GDP numbers were released on Wednesday for the first quarter and confirmed what we expected…the U.S. economy stalled as harsh winter weather curtailed business investment and weakness overseas hurt exports. U.S. GDP grew at a mere 0.1% pace in the first quarter, compared with a 2.6% in the fourth quarter of 2013. It was the weakest quarter for growth since the economy emerged from recession 5 years ago and was well below consensus estimates of 1.2%. The weather slowed consumer spending on goods, which rose at a 0.4% during the quarter, but households spent more on services-including energy to heat their homes and health care-causing total consumption to rise at a 3% pace. However, business investment dropped at a 2.8% annualized rate, the weakest print since the fourth quarter of 2009, reflecting a smaller gain in inventories that cut 0.6% from growth. Exports plunged 7.6%, the largest drop since the recession ended. Federal spending made a positive contribution to growth for the first time in six quarters. Despite the weaker-than-expected report, we expect a sharp rebound in growth in the second quarter as the weather improves, with the economy growing at over a 3% pace for the remainder of the year.
The Federal Reserve sticks to their Game Plan:
The Federal Reserve voted unanimously this week to further scale back its bond-buying program as Fed officials looked beyond Wednesday’s dismal first quarter GDP report in a sign of confidence for economy’s prospects. In the post-meeting statement, the Fed said that “growth in economic activity has picked up recently, after having slowed sharply during the winter in part because of adverse weather conditions.” The central bank said that household spending “appears to be rising more quickly,” while also acknowledging recent weakness in housing and business investment. All told, the Fed trimmed its bond buying program for the fourth consecutive meeting, cutting the pace of monthly purchases by an additional $10 billion to $45 billion ($25 billion in Treasuries and $20 billion in mortgage debt). The FOMC said that it will reduce asset purchases “in further measured steps at future meetings.”
The Fed also maintained its forward guidance on interest rates repeating that it’s likely to keep the benchmark Federal Funds Rate near zero for a “considerable time” after the bond purchases end and saying that it will consider a “wide range of information” in deciding when to raise rates. All nine voting members of the Committee supported the decision. It was only second time since 2012 that the FOMC has voted unanimously for a policy move, representing an unusually high degree of consensus for Fed officials who have often been divided since the financial crisis.
Business Hiring Improves:
Americans gained jobs at the fastest pace in more than two years last month and the jobless rate plunged, a sign the economy has rebounded from a winter rut. Non-farm payrolls rose 288,000 over last month, which shattered the consensus estimate of 215,000. While the number was good, economists question how much of that number comes from “catch up” hiring from the harsh winter, and how much is “organic” growth. The unemployment rate fell sharply to 6.3 percent from 6.7 percent in March. The consensus forecast estimate was 6.6 percent. However, much of this drop in the unemployment rate came from a large number of people leaving the labor force.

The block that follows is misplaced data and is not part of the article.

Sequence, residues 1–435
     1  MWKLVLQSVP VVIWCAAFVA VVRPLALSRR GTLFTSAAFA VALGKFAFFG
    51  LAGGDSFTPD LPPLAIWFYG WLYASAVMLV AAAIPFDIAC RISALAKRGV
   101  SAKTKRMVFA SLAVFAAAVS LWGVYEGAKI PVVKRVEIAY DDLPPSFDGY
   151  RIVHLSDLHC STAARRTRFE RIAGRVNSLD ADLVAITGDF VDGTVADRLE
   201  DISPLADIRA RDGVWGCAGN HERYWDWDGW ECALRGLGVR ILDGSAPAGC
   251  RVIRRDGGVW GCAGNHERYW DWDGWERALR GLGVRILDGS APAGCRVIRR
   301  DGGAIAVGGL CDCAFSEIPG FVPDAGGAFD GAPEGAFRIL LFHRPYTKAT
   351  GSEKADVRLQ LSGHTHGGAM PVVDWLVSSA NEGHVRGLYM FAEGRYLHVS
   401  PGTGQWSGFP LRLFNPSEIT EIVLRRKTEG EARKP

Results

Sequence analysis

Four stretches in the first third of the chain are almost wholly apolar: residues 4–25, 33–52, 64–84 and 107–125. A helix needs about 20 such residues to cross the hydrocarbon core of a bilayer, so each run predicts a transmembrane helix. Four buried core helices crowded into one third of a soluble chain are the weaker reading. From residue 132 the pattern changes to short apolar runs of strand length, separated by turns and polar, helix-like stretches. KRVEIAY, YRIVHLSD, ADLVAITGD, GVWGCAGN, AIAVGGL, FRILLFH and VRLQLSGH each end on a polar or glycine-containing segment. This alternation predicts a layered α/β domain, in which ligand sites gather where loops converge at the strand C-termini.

“Made in the USA”
Boston Consulting Group released the results of a survey of global manufacturing competitiveness this week. The ranking of the competitiveness of the world’s top 25 exporting countries concludes that the United States is the “rising star” of global manufacturing thanks to falling domestic natural gas prices, rising worker productivity and a lack of upward wage pressure. While China remains the world’s #1 country in terms of manufacturing competitiveness, its position is “under pressure” as a result of rising labor and transportation costs and lagging productivity growth. China’s manufacturing cost advantage over the U.S. is now less than 5%, according to the study.
The U.S. is now #2 in terms of overall competitiveness. Overall costs in the U.S. are now 10% to 25% lower than the world’s ten leading exporting nations, excluding China. Equally startling is the deterioration in the competitive position of some developing countries that traditionally have been regarded as low-cost manufacturing hubs such as Brazil and Poland.
This has profound implications for U.S. businesses and may accelerate the “re-shoring” trend we have seen in the past few years, where U.S. companies bring manufacturing back to the U.S.
Our economic and market outlook remains positive for the remainder of 2014. Growth could accelerate more quickly than anticipated toward the later part of the year. This would be the key driver for valuations to remain attractive going into 2015. Historically, markets move beyond fair value during the recovery stage after a severe market correction like we had in 2008. The S&P 500 currently trades at a forward Price to Earnings Ratio (P/E Ratio) of 15. With low interest rates and low inflation expected to continue in the near future, we could see P/E Ratios up to 20 in this environment.
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